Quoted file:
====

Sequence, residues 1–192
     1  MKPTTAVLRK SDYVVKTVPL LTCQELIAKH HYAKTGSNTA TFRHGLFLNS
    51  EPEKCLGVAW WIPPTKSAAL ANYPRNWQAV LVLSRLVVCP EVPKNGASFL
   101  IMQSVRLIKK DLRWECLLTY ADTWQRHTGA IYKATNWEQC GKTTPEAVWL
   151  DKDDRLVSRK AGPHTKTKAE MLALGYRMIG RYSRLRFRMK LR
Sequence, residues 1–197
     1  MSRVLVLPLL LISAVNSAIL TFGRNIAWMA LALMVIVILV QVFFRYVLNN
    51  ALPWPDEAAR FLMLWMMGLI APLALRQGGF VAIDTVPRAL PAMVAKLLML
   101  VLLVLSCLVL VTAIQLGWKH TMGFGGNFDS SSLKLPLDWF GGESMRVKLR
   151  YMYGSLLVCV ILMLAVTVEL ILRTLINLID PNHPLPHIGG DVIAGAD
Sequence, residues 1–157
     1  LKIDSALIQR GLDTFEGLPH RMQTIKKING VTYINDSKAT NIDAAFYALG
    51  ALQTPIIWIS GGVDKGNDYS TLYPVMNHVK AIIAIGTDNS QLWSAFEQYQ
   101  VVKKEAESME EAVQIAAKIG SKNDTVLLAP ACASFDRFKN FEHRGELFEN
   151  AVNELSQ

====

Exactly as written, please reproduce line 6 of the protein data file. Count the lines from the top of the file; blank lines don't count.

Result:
Sequence, residues 1–197